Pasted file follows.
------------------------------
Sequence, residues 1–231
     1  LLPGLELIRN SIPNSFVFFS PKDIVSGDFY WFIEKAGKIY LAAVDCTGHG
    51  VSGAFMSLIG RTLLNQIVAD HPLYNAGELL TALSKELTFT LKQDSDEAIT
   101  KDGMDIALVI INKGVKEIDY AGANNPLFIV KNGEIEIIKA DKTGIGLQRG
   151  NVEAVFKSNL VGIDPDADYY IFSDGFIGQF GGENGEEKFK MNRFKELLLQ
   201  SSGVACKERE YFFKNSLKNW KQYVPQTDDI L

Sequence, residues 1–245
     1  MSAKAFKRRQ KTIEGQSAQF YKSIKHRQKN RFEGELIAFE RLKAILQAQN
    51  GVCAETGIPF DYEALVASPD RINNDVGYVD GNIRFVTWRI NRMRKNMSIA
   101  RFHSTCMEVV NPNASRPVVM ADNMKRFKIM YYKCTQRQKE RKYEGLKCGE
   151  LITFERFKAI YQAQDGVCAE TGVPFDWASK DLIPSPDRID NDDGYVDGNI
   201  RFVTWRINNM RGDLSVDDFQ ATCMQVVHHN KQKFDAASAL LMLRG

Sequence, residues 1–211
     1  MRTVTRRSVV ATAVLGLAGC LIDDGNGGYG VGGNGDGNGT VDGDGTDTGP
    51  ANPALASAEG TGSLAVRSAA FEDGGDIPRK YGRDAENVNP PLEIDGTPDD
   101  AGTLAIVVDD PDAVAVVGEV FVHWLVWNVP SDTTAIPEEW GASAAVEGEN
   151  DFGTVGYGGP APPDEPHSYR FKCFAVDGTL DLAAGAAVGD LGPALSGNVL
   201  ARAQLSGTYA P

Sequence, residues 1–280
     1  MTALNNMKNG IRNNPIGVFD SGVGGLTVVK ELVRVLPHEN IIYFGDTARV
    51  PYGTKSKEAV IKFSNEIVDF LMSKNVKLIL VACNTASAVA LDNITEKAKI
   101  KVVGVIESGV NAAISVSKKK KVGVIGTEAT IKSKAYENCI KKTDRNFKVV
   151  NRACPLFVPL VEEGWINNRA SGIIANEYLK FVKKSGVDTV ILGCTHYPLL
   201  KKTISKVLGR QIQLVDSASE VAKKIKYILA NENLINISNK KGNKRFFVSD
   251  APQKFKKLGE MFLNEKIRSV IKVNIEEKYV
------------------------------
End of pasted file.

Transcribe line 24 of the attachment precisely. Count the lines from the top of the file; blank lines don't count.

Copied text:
   201  KKTISKVLGR QIQLVDSASE VAKKIKYILA NENLINISNK KGNKRFFVSD